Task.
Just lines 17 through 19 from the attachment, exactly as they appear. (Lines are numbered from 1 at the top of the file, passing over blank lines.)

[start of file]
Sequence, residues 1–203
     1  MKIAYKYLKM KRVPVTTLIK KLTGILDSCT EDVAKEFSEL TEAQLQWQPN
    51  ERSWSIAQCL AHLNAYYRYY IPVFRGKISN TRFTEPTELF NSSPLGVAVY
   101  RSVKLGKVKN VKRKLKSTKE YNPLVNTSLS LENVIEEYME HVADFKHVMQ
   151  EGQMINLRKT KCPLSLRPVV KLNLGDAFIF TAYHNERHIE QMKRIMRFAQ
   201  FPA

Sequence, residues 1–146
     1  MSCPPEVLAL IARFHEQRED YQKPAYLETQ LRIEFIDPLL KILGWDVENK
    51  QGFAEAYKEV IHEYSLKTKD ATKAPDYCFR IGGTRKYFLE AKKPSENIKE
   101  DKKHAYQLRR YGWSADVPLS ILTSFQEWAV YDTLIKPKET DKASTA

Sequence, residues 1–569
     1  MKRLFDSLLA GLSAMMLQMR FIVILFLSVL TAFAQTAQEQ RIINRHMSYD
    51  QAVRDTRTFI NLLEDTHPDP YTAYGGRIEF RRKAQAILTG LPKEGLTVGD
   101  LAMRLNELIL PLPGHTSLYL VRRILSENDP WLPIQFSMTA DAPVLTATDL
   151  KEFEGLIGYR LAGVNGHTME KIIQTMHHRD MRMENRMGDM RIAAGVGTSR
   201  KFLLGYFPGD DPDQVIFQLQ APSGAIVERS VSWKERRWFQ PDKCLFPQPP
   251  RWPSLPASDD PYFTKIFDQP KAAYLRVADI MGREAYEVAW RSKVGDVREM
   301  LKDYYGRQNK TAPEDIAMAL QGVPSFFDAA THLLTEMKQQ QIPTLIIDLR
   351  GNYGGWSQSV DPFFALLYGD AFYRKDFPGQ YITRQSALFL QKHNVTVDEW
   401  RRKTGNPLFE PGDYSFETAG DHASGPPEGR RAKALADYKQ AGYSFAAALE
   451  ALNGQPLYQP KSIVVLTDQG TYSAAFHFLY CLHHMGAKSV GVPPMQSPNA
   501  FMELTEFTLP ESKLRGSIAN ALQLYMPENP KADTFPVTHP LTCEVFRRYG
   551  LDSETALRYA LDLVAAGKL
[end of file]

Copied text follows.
   251  RWPSLPASDD PYFTKIFDQP KAAYLRVADI MGREAYEVAW RSKVGDVREM
   301  LKDYYGRQNK TAPEDIAMAL QGVPSFFDAA THLLTEMKQQ QIPTLIIDLR
   351  GNYGGWSQSV DPFFALLYGD AFYRKDFPGQ YITRQSALFL QKHNVTVDEW